It was a great day; relaxing, enjoyable and fun and it was rewarding to share in Bob’s enthusiasm.
Sometimes we forget how few people really know this beautiful island and its hidden depths; it’s a joy to share that knowledge with those who want more from Tenerife than just a suntan.

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We’ve had a bottle of cava ‘chilling’ for months now and we still haven’t popped it to celebrate our book deal. Anyone would think it was a bottle of Krug Clos du Mesnil 1995 Champagne ($750 per bottle) which might go some way to explaining the dithering. But no, this is a bottle of Valle de Juy Cava; €2.30 a bottle at Al Campo.
So why the delay?

Well, to begin with, back in July when we were first offered the deal is probably when we should have opened it but then we thought; “let’s wait until we get the contract just in case anything goes wrong; many a slip twixt cup and all that.” So we waited.

The contract arrived and we thought; “we’ll sign it and send their copy back and when they receive it, that’s when we’ll crack the cava.” So we waited.

For some reason the contract got mislaid in the postal system and it was several weeks before the publisher acknowledged receipt of it, by which time we’d already started drafting the book. So we thought; “OK, we’ll open it when we finish writing the book.” And we waited.

We submitted our first draft at the end of October and waited with bated breath to hear if it would be accepted or if it needed more work. Word came quickly that the book was considered “really excellent” by the publisher. Unfortunately, along with the acceptance was a long list of additional things that we needed to produce; a biography, author photos, testimonials etc. so there wasn’t a clear cut ‘finished’ point.
We dutifully provided everything on the publisher’s list and then said; ”That’s it. The moment this baby gets to print, the cork’s coming out of that cava before it turns to vinegar.” But then the typeset text arrived for proof-reading, and then the cover, and then finally, we were told it was at the printers.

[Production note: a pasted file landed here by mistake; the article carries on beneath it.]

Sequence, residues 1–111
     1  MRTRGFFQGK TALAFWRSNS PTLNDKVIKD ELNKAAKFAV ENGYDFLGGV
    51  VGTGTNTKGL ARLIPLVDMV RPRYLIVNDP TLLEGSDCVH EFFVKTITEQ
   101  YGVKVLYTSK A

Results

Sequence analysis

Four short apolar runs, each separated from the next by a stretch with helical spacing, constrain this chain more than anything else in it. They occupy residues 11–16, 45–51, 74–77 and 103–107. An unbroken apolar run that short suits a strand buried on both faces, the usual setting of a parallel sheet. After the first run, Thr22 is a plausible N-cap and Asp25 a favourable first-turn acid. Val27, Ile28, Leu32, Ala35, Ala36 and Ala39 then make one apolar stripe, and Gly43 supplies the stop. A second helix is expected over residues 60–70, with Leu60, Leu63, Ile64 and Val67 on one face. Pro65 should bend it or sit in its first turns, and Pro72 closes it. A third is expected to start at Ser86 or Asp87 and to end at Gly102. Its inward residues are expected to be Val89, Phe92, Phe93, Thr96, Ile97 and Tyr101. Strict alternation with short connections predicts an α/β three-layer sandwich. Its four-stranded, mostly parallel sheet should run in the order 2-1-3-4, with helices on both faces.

By this time, we’d decided the cava was getting opened on Saturday night and hang the consequences. Unfortunately, we had a ‘difference of opinion’ on the way to watch the match and then, as we only managed a draw, we decided we weren’t really in the mood to drink the stuff.

So, as I sit here writing, four and a half months later, the cava is still in its virgin state in the fridge, chilled enough to burn your fingertips at the touch.

Going Native in Tenerife is now on sale at Amazon.com, Amazon.co.uk and in e book form at Book Shaker.com and as long as nothing untoward happens in the next 5 hours, that damn cava is getting opened tonight.

I don’t know what it is about us that drives us to work so hard and yet prevents us from celebrating our successes, something which we both know from our former lives as executives is absolutely paramount to maintaining morale and recognizing good work.

It’s time to re-learn some of our management wisdom; from here on in corks are going to pop on cava bottles at the least excuse.

Then again, perhaps we should wait until we get our first sale…